Upon its release, "Deeper and Deeper" debuted on the Billboard Hot 100 at number 38 the week of December 5, 1992. It quickly climbed up the chart, ultimately peaking at number 7 on the week of January 30, 1993. The single also topped the Hot Dance Club Play chart and reached number two on the US Pop Chart. On the Billboard Hot 100 year-end chart, "Deeper and Deeper" came in at number 66. In Canada, the song debuted at number 5 on the RPM Top Singles chart, the week of January 23, 1993. It eventually reached the second position of the chart, on February 13, 1993, after three weeks. It also reached number 35 on the RPM Adult Contemporary Tracks chart. It ranked at number 34 on the RPM Year-end chart for 1993.
In the United Kingdom, the song reached a peak at number 6 on the UK Singles Chart the week of December 12, 1992, and was present on the top 100 for a total of 9 weeks. As of 2008, the single has sold over 136,800 copies in the United Kingdom. In Australia, "Deeper and Deeper" peaked at number 11 on the ARIA Singles Chart the week of December 13, 1992. It remained on that position for three weeks and a total of 10 weeks on the chart. In France, it became the only single from Erotica to reach the top 20, peaking at number 17 of the SNEP Single Charts. It remained on this position for one week and a total of 7 weeks on the chart. The song was successful in Italy, where it topped the FIMI Single Charts. On the year-end Italian charts, the song was ranked at number 44. In Austria the song peaked at number 30. In other countries such as Belgium, Ireland and New Zealand, it managed to peak within the top 10 of the charts.
The music video for "Deeper and Deeper" was shot on November 7–8, 1992 at Ren-Mar Studios and The Roxbury nightclub in Hollywood, California, and was directed by Bobby Woods. The video has been seen as a tribute to American artist Andy Warhol and Italian director Luchino Visconti. Georges Claude Guilbert wrote in his book Madonna As Postmodern Myth:
[Madonna] simultaneously pays tribute to Warhol and Visconti. She moves from the twenties and thirties to the sixties and seventies and back again. She evokes Isadora Duncan, Dita Parlo and Ingrid Thulin in La caduta degli dei (The Damned, Luchino Viscoti, 1969). She recreates the atmosphere of the underground films of Warhol, Morrissey, particularly Flesh (1968) and Trash (1970). She echoes John Travolta in Saturday Night Fever (1977). The mirror balls in the disco show evoke the thirties and the seventies.
The video begins with a male character, played by German actor Udo Kier (who had appeared in the Andy Warhol films Flesh for Frankenstein and Blood for Dracula and had previously collaborated with Madonna in her "Erotica" video and Sex book), in a darkened room speaking German words that are subtitled in English: "Beware! Our idols and demons will pursue us. Until we learn to let them go!". However, he is actually speaking two lines from Goethe's "Faust", there words by the devil: "Here, measure that junker (noble man) clothes, you measure him pants!". This is followed by scenes of Madonna, who portrays a character inspired by Warhol superstar Edie Sedgwick with her eyebrows shaved off, driving a Mercedes-Benz W111 Convertible, visiting and walking around a nightclub where she dances with her friends and looks for her lover, Kier's character. According to Guilbert, the viewer is "obviously meant to gather [Madonna's character] has signed some kind of Faustian pact with the diabolical Udo Kier. But on second thought, you don't know exactly who possesses whom". Also present in the video are Warhol superstar Holly Woodlawn, gay porn director Chi Chi LaRue, gay porn star Joey Stefano (who had also appeared on Sex), Madonna's long time friend and collaborator, actress Debi Mazar (who had previously appeared on the music videos for "Papa Don't Preach", "True Blue" and would go on to appear in Madonna's video for "Music" seven years later) and director Sofia Coppola. Guilbert felt that by including gay porn performer Stefano and drag queen/gay porn director La Rue, Madonna was connecting with her gay audience as well as cementing her status as a gay icon:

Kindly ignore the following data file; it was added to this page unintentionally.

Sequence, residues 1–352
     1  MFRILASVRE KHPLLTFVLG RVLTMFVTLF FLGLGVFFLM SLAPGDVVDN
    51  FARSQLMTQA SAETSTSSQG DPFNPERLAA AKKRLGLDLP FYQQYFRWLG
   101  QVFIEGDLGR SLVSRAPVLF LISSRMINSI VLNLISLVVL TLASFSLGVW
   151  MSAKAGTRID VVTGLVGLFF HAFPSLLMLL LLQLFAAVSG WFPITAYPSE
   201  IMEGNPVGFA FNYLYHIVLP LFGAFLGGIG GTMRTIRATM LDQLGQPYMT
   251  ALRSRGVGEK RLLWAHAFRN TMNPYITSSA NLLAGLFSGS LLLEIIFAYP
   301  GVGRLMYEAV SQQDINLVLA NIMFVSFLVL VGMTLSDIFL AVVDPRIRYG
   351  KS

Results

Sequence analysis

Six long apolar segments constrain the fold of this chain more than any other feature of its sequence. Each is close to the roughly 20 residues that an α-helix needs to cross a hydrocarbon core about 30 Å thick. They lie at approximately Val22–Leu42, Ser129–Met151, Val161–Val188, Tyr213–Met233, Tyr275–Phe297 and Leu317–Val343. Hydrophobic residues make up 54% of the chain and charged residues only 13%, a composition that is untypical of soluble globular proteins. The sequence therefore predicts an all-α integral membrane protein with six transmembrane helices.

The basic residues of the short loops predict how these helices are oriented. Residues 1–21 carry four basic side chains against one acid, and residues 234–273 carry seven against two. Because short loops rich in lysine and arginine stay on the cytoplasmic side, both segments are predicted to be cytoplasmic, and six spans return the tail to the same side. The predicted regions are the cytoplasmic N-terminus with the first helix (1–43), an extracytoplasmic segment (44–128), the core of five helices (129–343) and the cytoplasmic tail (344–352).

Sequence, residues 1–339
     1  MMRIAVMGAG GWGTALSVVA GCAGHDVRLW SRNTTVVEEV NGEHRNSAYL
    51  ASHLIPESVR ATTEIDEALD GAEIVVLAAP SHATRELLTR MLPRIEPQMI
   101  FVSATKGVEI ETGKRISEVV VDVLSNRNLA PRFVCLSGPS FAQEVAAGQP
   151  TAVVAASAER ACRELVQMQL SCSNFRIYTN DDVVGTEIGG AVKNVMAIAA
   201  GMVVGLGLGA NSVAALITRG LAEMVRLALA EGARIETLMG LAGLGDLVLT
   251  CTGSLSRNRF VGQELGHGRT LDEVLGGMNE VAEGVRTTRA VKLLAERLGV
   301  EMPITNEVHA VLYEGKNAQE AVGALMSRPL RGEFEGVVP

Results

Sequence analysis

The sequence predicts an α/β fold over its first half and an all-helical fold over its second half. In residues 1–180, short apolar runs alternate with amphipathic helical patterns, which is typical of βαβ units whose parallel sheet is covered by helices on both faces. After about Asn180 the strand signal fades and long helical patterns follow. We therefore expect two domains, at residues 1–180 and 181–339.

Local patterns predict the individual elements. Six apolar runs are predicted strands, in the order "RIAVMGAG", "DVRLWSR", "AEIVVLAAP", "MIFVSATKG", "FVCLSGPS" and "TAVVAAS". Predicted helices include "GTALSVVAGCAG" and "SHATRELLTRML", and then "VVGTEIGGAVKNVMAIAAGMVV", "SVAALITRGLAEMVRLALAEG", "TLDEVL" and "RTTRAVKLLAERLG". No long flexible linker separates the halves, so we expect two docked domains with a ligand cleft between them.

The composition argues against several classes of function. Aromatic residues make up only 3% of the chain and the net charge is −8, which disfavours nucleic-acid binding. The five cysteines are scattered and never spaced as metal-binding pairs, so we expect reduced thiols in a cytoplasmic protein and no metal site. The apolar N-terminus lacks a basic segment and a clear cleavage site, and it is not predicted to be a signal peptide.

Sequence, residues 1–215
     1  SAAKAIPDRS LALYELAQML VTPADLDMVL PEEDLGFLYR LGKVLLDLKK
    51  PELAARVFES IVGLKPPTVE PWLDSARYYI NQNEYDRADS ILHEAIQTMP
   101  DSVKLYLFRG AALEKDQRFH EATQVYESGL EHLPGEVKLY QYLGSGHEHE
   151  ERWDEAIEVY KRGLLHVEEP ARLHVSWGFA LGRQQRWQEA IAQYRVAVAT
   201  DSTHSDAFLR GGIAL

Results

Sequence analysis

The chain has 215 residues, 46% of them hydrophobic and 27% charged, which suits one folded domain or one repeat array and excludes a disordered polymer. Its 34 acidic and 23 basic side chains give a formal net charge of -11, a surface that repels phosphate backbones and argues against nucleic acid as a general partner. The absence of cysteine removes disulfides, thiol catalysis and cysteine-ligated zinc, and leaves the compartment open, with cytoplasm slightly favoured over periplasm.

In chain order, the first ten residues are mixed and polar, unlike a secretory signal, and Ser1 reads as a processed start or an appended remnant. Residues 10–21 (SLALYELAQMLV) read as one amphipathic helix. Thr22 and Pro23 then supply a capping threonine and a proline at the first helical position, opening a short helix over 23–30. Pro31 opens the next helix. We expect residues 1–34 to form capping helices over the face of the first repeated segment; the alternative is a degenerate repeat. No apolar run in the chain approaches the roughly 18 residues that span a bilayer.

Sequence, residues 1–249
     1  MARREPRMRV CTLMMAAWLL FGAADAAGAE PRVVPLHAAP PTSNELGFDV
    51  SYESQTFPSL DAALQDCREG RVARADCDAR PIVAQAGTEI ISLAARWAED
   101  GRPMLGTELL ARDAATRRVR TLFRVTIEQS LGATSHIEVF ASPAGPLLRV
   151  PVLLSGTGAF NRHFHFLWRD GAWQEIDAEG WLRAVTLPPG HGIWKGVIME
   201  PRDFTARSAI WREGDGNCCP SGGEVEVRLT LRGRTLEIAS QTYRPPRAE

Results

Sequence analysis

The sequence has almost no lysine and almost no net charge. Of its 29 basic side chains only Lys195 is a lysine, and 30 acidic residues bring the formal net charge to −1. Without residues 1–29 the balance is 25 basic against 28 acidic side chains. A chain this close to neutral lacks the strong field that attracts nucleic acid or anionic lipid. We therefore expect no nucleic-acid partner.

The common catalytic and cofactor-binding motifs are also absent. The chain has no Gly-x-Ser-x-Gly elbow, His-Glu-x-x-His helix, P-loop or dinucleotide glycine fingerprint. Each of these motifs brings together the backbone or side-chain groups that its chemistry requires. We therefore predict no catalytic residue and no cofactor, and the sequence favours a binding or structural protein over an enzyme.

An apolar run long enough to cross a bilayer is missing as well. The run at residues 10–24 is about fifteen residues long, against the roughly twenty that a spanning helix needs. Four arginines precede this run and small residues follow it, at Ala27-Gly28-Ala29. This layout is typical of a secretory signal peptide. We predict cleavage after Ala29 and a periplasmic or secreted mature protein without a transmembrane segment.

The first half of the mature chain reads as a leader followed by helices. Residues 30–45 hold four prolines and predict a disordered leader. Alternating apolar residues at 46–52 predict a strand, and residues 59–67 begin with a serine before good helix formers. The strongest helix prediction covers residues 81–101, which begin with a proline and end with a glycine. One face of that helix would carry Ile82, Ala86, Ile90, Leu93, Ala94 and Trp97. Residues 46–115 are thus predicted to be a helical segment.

Famed Madonna and U2Talent Manager Guy Oseary makes a cameo high fiving Madonna as he wears a black wig. Music Executive Seymour Stein the man credited for signing a then unknown Madonna to her first record label, Sire Records, also makes a brief cameo standing beside Madonna's good friend and rumored "once upon a time" lover Ingrid Casares.
"The images of 'Deeper and Deeper', associating drag, modeling, narcissism and lesbianism, provide a typical commentary on the construction of Madonna's success...[&] comfort Madonna's gay icon status, especially when you spot on the disco dance floor the voluminous drag queen Chi Chi LaRue, famous singer and director of gay pornographic movies".